As I surveyed the rooms, I knew I had a monumental task in front of me. Boxes and garbage bags as far as the eye could see. Hoarders would have a field day with me and all this crap.
Holy hell, where do I start?
7 years worth of books, discarded toys, outgrown clothes, things I didn’t need or use, but saved, just in case I needed them again. An organizational nightmare made worse by all the new crap we lugged up here the day before David’s funeral. 5 months worth of school papers, outgrown clothes and toys.
Not to mention the baby things. David’s things. His clothes, his bassinet, his swing, his boppy. All the outgrown clothes, new clothes, clothes he had yet to grow into. I know this project will be the end of me. But it needs to be done if we ever want to finish renovating up here and actually use the bedrooms for more than junk collection.
I start with the LIFO method, last in first out. Chosen simply because I can’t walk but a foot into any of the doorways. I sort through 2 full boxes of school papers. 5 months worth of work for 2 kids. I whittle it down to a handful of papers and toss the rest.
Next up, clothes. So many boxes and bags full of clothes. I suppose lugging all the crap back downstairs will make it easier in the long-run – wash, sort, put away whatever fits, throw away the junkie stuff, box up the rest.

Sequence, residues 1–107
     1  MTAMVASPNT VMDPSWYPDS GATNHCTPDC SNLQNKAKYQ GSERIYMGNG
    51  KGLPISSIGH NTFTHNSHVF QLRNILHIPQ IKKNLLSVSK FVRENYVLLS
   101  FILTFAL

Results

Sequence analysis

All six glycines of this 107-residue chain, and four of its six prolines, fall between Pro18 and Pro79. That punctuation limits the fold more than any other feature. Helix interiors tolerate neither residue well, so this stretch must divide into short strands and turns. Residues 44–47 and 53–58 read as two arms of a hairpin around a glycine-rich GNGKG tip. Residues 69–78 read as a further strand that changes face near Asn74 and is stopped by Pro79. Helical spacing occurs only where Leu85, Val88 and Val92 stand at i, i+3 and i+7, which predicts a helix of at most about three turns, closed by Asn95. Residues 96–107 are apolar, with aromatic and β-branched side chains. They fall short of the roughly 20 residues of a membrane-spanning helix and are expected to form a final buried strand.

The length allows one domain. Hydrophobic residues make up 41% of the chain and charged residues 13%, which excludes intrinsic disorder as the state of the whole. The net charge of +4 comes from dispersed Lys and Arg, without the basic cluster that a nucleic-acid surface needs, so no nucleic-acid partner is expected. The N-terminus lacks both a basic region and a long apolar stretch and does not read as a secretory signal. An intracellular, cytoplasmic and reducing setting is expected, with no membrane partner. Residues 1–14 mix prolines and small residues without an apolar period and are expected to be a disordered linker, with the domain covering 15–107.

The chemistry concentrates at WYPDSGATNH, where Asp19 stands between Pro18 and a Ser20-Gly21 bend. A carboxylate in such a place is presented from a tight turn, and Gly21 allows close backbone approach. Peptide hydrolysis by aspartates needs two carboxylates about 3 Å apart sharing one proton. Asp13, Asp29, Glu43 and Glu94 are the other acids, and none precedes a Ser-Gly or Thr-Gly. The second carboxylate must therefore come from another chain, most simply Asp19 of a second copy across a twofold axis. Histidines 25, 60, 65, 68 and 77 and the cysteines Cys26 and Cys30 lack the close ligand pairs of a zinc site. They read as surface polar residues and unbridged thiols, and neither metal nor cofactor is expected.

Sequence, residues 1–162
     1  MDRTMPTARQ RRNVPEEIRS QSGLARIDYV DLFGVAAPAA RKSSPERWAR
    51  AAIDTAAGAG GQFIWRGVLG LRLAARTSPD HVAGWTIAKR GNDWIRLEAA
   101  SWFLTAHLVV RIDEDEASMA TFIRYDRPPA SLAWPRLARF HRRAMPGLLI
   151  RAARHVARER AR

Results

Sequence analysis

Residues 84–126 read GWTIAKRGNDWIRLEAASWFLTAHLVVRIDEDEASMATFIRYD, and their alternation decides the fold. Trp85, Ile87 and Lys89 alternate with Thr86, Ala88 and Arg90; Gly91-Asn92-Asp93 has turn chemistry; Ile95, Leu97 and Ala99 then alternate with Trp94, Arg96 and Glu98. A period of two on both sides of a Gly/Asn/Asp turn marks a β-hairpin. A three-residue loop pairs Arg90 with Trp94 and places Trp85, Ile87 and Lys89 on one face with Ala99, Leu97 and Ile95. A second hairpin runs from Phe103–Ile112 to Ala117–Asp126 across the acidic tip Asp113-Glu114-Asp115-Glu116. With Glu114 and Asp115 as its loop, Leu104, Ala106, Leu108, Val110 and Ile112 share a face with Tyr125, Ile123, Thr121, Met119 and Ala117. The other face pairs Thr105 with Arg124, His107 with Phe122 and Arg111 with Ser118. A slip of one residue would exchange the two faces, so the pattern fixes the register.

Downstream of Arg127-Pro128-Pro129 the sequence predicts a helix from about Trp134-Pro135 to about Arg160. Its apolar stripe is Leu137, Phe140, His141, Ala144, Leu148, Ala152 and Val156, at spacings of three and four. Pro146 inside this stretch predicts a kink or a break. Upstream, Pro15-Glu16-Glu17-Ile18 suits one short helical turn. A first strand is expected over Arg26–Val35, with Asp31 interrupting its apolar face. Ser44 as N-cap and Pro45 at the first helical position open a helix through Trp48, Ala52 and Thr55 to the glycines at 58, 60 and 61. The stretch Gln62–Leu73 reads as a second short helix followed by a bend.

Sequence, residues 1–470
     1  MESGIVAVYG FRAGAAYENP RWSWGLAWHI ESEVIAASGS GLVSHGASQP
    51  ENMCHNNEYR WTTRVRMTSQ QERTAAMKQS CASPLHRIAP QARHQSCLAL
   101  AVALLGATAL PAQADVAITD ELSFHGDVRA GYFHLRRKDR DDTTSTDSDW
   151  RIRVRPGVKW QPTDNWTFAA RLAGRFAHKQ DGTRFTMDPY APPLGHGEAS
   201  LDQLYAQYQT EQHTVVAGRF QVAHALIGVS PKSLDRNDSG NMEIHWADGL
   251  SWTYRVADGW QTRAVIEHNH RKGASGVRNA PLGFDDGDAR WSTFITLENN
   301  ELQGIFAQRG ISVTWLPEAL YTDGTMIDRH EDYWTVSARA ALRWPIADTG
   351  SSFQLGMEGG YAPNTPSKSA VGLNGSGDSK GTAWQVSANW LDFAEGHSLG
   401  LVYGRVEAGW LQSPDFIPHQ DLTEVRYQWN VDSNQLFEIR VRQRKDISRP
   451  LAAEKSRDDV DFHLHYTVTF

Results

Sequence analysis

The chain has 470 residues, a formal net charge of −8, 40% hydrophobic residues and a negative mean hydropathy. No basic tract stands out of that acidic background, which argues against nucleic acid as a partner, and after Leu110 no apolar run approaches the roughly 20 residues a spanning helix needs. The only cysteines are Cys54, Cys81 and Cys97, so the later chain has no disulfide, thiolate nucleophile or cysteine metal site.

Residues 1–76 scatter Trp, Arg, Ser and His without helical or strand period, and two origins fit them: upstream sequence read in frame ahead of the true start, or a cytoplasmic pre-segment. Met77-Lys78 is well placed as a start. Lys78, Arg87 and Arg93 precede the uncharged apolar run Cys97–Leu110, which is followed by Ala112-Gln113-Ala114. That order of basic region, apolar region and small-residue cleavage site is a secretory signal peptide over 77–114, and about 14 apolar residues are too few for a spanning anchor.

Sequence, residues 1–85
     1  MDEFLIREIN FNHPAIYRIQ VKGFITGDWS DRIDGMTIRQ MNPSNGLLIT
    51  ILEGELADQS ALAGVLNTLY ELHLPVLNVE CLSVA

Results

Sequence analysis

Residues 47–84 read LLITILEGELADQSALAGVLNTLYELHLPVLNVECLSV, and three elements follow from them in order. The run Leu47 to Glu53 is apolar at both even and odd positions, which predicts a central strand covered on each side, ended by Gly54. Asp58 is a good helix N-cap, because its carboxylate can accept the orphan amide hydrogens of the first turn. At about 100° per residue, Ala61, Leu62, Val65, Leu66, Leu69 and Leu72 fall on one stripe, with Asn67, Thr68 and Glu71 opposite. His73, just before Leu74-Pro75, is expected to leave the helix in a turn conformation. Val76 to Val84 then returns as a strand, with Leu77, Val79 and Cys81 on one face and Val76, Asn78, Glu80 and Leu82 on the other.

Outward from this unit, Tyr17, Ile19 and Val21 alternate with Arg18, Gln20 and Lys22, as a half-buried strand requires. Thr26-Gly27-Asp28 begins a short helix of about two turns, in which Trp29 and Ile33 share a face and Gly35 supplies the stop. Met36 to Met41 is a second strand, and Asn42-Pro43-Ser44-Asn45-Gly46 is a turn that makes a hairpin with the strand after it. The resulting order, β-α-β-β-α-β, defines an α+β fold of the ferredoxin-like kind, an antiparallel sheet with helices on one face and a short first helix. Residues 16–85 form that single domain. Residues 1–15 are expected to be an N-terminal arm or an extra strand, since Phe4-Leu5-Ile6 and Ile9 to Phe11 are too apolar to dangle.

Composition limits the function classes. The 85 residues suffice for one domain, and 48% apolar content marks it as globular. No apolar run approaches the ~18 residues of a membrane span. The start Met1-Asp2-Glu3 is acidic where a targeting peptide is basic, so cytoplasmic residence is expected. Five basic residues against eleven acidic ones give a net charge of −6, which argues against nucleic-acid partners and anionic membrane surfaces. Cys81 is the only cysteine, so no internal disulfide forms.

Sounds easy peasy.
I start with the boxes, avoiding David’s tiny dresser like the plague. One, two, three, six, nine, twelve…where the hell did all these clothes come from? It’s going to take me days to sort them all.
And it does. Every day I spend time sifting through the bags and boxes sorting each piece into it’s appropriate pile.
Fortunately there’s plenty of things that fit the boys, a good bit to sell or giveaway and a couple of boxes for Zachary and Jonathan to grow into.
The washing machine hasn’t had a break in days and I wonder if it isn’t just easier to dump everything into the washer first, and sort later. First up, a garbage bag full of clothes Zachary has outgrown.
As I’m dumping old Thomas t-shirts and bitty pairs of skivvies into the washer, the flash of yellow and blue catches my eye. What was that?
It sure looked small.
I reach in and pull it out, immediately knowing whose it is and as I stand there, holding the tiny “Little Brother” onesie in my hand, all I can do is cry.
I hold it to my face and inhale, hoping to get a tiny whiff of the babe that once inhabited this tiny shred of cloth. My mind plays tricks on me and I’m sure I can smell that newborn baby smell complete with baby formula tainted breath. I see that toothless grin and those baby blues, made that much bluer with the bit of navy blue around the collar.
I dry my eyes and slip the tiny memory into the pocket of my sweater.
I throw the rest of the clothes in and start the washer. I return to my aforementioned task of sorting the multitudes of crap upstairs.
Every now and then, I tentatively slip my hand into my pocket, confirming the existence of my treasure.
If only I could stitch it around my broken heart and through my empty arms. Aching with the want of something to hold on to.
I would. I surely would.
This post was written in response to this week’s Red Writing Hood’s writing prompt: Write a piece about finding a forgotten item of clothing in the back of a drawer or closet. Let us know how the item was found, what it is, and why it’s so meaningful to you or your character.
The piece should be less than 600 words and I am way proud of my 599. Please feel free to critique.